Friday, May 20, 2011

A Mater of Truthiness

I’ve been doing some research on lying lately. There’s a wealth of really interesting literature out there, but most of it is (IMHO) flawed. The main method of collecting data is based on surveys. Basically, this means the researchers are asking people to honestly tell them about instances of dishonest behaviour. I’d be counting on you to tell me the truth about lying.

I’ve been using a different technique. I give subjects an opportunity to lie to another subject for money. Depending on the situation, a little more than half the people I had as subjects (about 200) lied. Not all that surprising. What surprised me is the types of things that seem to influence a person’s likelihood of lying.

I designed the experiment to see if there was a difference in lying based on if the subject faced a potential gain or a potential loss. An asymmetric value function, like the one I’ve written about here before, predicts that people are more likely to lie when facing a loss. This is actually what I discover. So pay extra attention when dealing with someone who has something to lose.

The common perception is that women are more trustworthy than men. Well, not in this experiment. Men and women were equally likely to lie. Some other researchers using similar environments found that women were actually less likely to lie for monetary gain. These experiments were done in Sweden and the US. Canadian women,it seems, are more like males than their Swedish or American sisters. Score one for Canadian equality?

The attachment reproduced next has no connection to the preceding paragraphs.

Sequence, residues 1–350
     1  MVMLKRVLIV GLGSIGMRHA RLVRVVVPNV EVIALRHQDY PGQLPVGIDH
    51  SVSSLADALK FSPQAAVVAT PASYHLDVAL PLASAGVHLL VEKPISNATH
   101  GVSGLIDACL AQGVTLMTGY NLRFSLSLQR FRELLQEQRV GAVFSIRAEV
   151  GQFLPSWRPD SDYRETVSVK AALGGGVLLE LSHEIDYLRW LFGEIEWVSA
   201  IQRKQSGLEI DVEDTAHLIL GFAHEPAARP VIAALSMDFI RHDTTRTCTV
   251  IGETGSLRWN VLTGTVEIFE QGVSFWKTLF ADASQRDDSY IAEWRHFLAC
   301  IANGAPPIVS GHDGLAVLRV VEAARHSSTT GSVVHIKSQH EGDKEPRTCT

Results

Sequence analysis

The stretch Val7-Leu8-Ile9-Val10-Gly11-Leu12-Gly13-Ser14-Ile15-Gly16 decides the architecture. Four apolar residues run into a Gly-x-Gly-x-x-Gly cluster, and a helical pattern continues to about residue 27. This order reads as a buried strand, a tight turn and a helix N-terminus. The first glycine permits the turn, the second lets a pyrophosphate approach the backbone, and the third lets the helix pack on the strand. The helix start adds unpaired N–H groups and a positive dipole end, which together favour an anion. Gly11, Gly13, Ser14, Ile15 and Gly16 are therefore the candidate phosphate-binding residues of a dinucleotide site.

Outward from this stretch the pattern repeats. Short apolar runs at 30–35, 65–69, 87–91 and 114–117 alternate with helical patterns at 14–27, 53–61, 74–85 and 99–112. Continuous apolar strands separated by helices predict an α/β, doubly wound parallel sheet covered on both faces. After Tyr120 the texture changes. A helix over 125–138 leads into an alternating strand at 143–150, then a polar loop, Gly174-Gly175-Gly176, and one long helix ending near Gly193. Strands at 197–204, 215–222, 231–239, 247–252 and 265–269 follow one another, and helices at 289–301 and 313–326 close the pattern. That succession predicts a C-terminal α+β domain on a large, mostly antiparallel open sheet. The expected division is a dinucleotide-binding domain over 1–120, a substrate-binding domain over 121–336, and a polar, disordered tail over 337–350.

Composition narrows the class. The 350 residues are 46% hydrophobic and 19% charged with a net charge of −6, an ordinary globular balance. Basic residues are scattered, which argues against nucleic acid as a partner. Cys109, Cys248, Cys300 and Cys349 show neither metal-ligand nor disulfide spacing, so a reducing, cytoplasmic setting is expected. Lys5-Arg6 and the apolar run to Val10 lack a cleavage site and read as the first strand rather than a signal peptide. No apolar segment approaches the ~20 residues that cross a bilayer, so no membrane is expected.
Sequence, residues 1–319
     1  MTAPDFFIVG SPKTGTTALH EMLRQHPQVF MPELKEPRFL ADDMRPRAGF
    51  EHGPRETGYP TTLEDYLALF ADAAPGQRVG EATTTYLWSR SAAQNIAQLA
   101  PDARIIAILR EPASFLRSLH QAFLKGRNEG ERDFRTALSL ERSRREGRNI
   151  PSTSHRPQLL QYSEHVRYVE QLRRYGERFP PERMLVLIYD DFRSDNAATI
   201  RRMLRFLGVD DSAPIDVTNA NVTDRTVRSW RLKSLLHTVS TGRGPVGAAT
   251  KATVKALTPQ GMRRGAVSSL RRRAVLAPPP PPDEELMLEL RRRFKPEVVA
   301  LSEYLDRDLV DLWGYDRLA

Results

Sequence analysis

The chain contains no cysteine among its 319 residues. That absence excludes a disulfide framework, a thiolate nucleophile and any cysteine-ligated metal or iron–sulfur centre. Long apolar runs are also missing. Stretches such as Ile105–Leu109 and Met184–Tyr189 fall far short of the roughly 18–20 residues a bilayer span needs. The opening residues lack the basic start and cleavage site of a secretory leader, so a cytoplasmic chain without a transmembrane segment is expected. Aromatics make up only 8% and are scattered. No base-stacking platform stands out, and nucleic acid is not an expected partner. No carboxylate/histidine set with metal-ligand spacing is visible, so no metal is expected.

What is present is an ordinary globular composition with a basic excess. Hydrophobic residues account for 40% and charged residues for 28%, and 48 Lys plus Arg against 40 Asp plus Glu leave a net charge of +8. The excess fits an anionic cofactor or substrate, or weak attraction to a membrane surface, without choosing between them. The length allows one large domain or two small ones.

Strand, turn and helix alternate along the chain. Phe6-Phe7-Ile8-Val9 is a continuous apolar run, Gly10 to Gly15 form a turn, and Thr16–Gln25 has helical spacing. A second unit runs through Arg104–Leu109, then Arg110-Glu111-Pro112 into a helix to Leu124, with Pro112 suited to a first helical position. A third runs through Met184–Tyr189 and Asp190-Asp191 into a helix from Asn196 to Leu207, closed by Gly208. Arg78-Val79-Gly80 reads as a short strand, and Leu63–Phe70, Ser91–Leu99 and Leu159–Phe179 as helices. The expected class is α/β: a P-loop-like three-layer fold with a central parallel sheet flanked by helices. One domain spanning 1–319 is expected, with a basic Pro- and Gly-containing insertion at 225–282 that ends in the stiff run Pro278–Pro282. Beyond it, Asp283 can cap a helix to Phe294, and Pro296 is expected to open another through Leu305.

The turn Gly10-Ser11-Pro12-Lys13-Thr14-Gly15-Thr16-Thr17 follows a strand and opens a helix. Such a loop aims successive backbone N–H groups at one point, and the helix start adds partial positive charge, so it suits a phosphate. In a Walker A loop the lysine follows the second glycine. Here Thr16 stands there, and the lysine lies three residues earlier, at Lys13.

Having divorced parents is known to mess kids up. I found that people who’s parents are divorced are more likely to lie than others. What I found really interesting though was that people who reported being raised by a single parent were a lot less likely to lie. I’m not sure why that might be. Keep in mind that I’ve got a sample selection problem in that the people I’m talking about are all university students. So it might be that only the most well adjusted/honest kids raised by a single parent make it that far.

One of my favourite results of this work is that the faculty of the student seems to make a difference. In particular, business students lie a lot more than others. There are a couple of interesting possibilities. First, business students may be more sensitive to monetary reward and are therefore more likely to lie for cash. It could also be that business students have a lower “cost” of lying and are more likely to do it. These are similar, but not quite the same thing. It could also be that business students are more competitive. Lying meant you ended up with more money than the other person in this environment. That could have been a key motivating factor.

In short, we don’t really have a handle on why and when people lie. We’re getting better at catching them in the act, but predicting when it will happen? Not really sure.

Sunday, May 8, 2011

Building silos